13. How does an employer calculate incentive limits when an employer has more than one group health plan but offers a wellness program that does not require employees to participate in a particular plan?
When an employer offers more than one group health plan but participation in a wellness program is open to all employees regardless of whether they are enrolled in a plan, the employer may offer a maximum incentive of 30 percent of the lowest cost major medical self-only plan it offers.
For example, if an employer offers three different major medical group health plans ranging in cost for self-only coverage from $5,000 to $8,000 and wants to offer an incentive to employees for participating in a wellness program and completing a HRA, the employer could offer a maximum incentive of $1,500 (30 percent of its lowest cost plan).
14. May an employer offer an incentive to employees to participate in a wellness program if it does not offer health insurance?
Yes. If an employer does not offer health insurance but wants to offer an incentive for employees to complete a HRA or to have annual tests that check their glucose and cholesterol levels, the employer could offer an incentive up to 30 percent of the cost that a 40-year-old non-smoker would pay for self-only coverage under the second lowest cost Silver Plan on the state or federal health care Exchange in the location that the employer identifies as its principal place of business. If such a plan would cost an employee $4,000, the employer could offer a maximum incentive of $1,200.
15. What is the second lowest cost Silver Plan, and why does the rule use this plan to calculate wellness program incentives where an employer does not offer health insurance?
The second lowest cost Silver Plan is used as a benchmark for determining an individual’s entitlement to a premium tax credit for purchasing health insurance on the Exchanges. The rule uses this plan because it is the most popular plan on the Exchanges, and information about its costs is readily available. Additionally, using the cost of the Silver Plan for someone who is 40 years old and a non-smoker — a plan that is neither the least nor the most expensive plan offered on the Exchanges — reflects the Congressional goal in HIPAA, as amended by the Affordable Care Act, of allowing incentives that may encourage meaningful participation in wellness programs, while avoiding incentive limits that are so high as to be considered coercive.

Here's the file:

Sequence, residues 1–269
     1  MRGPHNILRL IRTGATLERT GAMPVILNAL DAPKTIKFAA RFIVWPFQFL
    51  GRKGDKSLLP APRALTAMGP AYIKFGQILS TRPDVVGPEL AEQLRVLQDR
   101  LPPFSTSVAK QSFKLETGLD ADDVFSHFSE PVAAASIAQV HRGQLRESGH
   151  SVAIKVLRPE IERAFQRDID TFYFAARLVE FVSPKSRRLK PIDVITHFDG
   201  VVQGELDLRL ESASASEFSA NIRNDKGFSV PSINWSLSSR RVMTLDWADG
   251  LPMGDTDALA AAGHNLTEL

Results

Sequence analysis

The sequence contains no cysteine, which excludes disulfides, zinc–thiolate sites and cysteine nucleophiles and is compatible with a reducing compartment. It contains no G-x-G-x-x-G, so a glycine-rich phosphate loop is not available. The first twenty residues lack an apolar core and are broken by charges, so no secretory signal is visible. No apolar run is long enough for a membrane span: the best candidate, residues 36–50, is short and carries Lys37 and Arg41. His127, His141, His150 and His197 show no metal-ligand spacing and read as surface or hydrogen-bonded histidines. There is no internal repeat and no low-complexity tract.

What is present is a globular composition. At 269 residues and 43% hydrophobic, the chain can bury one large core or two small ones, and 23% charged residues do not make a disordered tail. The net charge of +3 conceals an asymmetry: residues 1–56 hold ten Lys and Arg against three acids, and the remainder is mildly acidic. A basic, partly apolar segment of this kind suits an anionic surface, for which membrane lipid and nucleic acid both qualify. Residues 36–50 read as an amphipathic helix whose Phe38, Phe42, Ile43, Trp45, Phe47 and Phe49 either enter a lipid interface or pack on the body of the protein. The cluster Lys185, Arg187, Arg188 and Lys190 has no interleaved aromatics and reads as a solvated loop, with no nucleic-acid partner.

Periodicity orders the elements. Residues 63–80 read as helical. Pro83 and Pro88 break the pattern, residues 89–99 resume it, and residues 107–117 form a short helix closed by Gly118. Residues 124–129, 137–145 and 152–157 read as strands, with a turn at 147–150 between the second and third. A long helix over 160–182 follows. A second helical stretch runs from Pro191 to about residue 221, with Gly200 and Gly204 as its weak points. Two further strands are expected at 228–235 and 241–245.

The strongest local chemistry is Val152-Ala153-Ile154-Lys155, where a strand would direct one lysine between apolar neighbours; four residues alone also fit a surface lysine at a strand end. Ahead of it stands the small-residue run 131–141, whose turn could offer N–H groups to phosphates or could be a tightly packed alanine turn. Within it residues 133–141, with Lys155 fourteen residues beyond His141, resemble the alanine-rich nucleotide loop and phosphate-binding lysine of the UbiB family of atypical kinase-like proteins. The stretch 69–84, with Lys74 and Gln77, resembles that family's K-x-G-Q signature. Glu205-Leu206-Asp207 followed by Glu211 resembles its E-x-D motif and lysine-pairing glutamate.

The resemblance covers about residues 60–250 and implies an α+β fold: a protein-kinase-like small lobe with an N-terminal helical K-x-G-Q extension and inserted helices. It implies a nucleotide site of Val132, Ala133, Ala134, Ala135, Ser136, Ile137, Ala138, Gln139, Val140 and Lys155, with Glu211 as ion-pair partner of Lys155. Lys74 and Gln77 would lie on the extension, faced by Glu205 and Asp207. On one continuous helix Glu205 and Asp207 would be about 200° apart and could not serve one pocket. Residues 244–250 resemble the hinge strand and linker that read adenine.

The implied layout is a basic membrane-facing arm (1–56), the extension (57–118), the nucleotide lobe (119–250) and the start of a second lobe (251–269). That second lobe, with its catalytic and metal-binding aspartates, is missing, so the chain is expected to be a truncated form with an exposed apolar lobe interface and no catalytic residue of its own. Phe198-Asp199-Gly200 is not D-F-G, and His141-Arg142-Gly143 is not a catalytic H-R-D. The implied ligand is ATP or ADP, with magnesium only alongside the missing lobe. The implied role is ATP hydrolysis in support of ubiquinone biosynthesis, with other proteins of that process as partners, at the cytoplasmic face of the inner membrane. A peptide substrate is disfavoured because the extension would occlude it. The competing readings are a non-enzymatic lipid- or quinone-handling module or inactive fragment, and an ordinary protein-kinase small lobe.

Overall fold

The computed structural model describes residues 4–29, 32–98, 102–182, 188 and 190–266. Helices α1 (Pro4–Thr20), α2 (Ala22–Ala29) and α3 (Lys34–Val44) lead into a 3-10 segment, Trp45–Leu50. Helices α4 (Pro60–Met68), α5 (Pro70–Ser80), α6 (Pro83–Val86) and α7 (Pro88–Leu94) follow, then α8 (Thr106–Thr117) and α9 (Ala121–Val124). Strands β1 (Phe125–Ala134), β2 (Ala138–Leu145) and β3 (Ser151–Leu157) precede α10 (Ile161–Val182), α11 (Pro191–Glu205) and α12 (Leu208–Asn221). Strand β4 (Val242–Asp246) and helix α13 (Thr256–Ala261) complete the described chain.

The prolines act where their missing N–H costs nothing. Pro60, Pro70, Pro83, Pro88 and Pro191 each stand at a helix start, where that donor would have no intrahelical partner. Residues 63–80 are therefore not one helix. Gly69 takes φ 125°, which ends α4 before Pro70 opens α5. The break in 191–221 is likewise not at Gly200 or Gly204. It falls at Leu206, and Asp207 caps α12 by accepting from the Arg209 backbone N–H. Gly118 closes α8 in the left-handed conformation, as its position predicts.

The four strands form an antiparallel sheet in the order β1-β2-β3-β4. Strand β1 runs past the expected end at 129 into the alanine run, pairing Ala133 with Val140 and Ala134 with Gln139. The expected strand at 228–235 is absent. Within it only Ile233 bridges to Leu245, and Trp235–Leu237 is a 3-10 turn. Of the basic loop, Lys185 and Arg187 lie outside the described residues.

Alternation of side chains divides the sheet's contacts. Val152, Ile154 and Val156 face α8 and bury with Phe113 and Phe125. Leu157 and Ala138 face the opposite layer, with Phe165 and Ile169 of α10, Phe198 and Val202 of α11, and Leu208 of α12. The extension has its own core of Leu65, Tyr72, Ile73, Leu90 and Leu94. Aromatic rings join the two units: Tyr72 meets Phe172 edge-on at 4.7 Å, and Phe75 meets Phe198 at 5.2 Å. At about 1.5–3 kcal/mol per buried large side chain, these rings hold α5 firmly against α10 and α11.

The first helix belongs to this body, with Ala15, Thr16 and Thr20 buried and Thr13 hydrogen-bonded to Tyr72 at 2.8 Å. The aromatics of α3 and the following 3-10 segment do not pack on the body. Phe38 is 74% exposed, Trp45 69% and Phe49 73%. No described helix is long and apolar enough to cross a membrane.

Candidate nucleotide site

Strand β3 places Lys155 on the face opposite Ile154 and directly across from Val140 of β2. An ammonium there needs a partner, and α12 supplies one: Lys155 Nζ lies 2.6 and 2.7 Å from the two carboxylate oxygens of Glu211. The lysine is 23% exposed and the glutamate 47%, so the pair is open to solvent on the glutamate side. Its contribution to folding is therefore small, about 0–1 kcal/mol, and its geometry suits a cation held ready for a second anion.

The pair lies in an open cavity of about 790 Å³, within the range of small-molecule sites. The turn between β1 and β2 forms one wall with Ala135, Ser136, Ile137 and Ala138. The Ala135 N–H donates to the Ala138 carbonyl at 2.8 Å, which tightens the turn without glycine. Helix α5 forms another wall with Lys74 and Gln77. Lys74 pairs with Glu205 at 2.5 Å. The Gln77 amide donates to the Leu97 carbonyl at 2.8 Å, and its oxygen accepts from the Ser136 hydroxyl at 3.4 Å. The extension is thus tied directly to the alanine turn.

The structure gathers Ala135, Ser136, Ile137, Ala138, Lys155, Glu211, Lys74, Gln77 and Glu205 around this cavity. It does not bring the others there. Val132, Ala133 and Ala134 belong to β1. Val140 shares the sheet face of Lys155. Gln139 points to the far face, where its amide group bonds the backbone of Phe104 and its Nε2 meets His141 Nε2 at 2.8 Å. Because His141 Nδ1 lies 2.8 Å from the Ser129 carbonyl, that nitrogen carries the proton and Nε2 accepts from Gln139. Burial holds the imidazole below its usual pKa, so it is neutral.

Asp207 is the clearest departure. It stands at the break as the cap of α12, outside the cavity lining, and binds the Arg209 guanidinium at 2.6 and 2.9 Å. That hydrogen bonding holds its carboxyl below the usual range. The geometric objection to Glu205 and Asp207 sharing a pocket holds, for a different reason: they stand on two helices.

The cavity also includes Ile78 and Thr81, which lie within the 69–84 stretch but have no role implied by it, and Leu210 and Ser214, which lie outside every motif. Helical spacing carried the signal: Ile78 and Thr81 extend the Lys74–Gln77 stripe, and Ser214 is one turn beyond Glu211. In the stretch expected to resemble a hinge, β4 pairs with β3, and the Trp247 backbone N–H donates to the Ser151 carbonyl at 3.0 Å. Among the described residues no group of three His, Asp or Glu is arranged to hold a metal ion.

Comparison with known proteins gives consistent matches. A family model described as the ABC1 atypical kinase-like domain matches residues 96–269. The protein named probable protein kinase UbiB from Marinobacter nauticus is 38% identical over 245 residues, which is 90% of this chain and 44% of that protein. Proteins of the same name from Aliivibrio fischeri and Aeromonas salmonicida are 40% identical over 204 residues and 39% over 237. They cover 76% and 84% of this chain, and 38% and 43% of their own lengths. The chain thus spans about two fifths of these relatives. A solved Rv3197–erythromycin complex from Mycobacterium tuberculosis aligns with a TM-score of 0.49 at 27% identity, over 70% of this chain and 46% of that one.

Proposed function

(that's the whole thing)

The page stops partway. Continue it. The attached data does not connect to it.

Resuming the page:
16. Why does the rule set the incentive limit at 30 percent of the cost of self-only coverage?
This is the incentive limit under HIPAA regulations that applies to health-contingent wellness programs that require employees to perform an activity or achieve certain health outcomes. (See Q and A 4.)
17. Are the incentive limits related to smoking cessation programs the same as for all other wellness programs?
Like the proposed rule, the final rule makes a distinction between smoking cessation programs that require employees to be tested for nicotine use and programs that merely ask employees if they smoke. A wellness program that merely asks employees whether or not they use tobacco (or whether they ceased using tobacco by the end of the program) is not a wellness program that asks disability-related questions. Therefore, the rule’s 30 percent incentive limit does not apply and, an employer can offer an incentive up to 50 percent of the cost of self-only coverage, consistent with HIPAA, as amended by the Affordable Care Act. However, where an employer requires any biometric screening or other medical procedure that tests for the presence of nicotine or tobacco, the rule’s 30 percent incentive limit applies.
18. What confidentiality requirements apply to the medical information employees provide when they participate in wellness programs?